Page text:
Learn how to build new integrations with enterprise applications.
Like most new technology concepts, APIs have gone from “new kid on the block” to industry standard for building software applications. As the key means for sharing data among disparate applications, the practical applications and benefits of building enterprise application integrations are everywhere – from online restaurant reservations to electronic payments to real-time inventory management for online retailers.
Yet, despite the fact that many enterprises are integrating with external applications, some CIO’s are still reluctant to adopt interfacing with external systems. Here is the truth behind some common misconceptions that may be holding them back from benefiting from the enterprise-ready integrations and APIs available to them.
But, First - Why Do We Need Enterprise Application Integration?
Enterprise application integration enables companies to pass data securely and efficiently from one system to another. This allows them to build powerful applications without the need to re-build the original service from the ground-up. More companies are adopting integrations with their systems, even with external systems because this is helping them build more powerful systems in much less time and resources.
Here are the 4 misconceptions that are holding CIOs back from utilizing services from external technology systems.
1. APIs are limited to only one area of my business
APIs can be applied to different areas of a company without the need to build from scratch. With pre-built integration templates and workflows, a business unit or department can use the same database or company data of an existing API and repurpose it based on their specific requirements. Using the same inputs, these API libraries become the framework for producing different outputs.
For example, a company may build an API to manage online marketing strategy using consumer behavior data gathered from its marketing analytics system. The assets stored in this API library can then be reused or fragmented to produce different information needed for the purchasing department. In other words, the API library may be broken down in for marketing purposes as 3+2, while the same data may be reused for the needs of the purchasing department as 1+1+1+1+1.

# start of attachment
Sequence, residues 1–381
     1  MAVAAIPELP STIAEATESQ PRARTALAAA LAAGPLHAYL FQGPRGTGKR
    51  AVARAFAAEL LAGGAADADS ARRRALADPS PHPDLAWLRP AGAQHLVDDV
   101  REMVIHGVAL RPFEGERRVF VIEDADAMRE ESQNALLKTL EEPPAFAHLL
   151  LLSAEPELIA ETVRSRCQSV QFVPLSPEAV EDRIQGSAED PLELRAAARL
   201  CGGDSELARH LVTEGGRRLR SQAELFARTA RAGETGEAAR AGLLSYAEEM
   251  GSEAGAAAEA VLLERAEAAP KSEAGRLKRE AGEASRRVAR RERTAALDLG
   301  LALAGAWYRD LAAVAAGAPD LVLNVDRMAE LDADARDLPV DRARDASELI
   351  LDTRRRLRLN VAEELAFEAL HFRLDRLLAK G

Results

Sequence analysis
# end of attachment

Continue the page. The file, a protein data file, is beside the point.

2. APIs are singular in nature or application-specific
In first-generation APIs, web services would provide or pipeline the data based on a single application requirement. Today, the same API can be used again and again for multiple functions without having to modify the application, and without burdening the application team. These modern APIs can produce different data styles and formats based on customer needs, essentially doing the same amount of work with one API that formerly required multiple APIs.
We can think of this in the same way we think of color printer technology. We do not need separate printers to print a document in varying colors. Rather, a standard color printer will combine proportions of three standard ink colors – cyan, magenta and yellow – to produce a wide range of colors from the same printer. Likewise, a single API can facilitate different application needs by pulling different assets from server-side repositories.
3. APIs can only be accessed or modified by API developers
In the past, APIs that were developed to run continuously did not allow other users to touch any code. Users were able to unlock data, but access and management of the data was limited to the specific data teams.
That changed with the introduction of “Anypoint Exchange,” which promotes user interaction and modifications and allows a single API to be used by multiple users. With an “API Key”, users no longer need to wait for the API developer to make application changes. Instead, the Anypoint Exchange allows users to access proven assets – connectors, templates, examples and RAMLs – from the repository center and add to or reuse them without harming or altering the application.
4. Every API change requires hardcode development /downtime
Imagine being able to change your car’s oil while the vehicle is in motion. Although not a reality for cars (yet), this is the standard for APIs. Unlike legacy APIs, which required hard coding development and thus significant downtime with every modification, modern APIs do not keep hard-coded features. Rather than building new API stored procedures, SQL syntax or other formatting every time there is an application change, modern APIs can pull stored-procedures or stored templates from different repositories without stopping the application. Similar to replacing multiple TV remotes with one, universal remote, this high-level automation essentially allows one API to do the work of multiple APIs.
Despite the fact that many enterprises are integrating with external applications, some CIO’s are still reluctant to adopt interfacing with external systems. Here is the truth behind some common misconceptions that may be holding them back from benefiting from the enterprise-ready integrations and APIs available to them.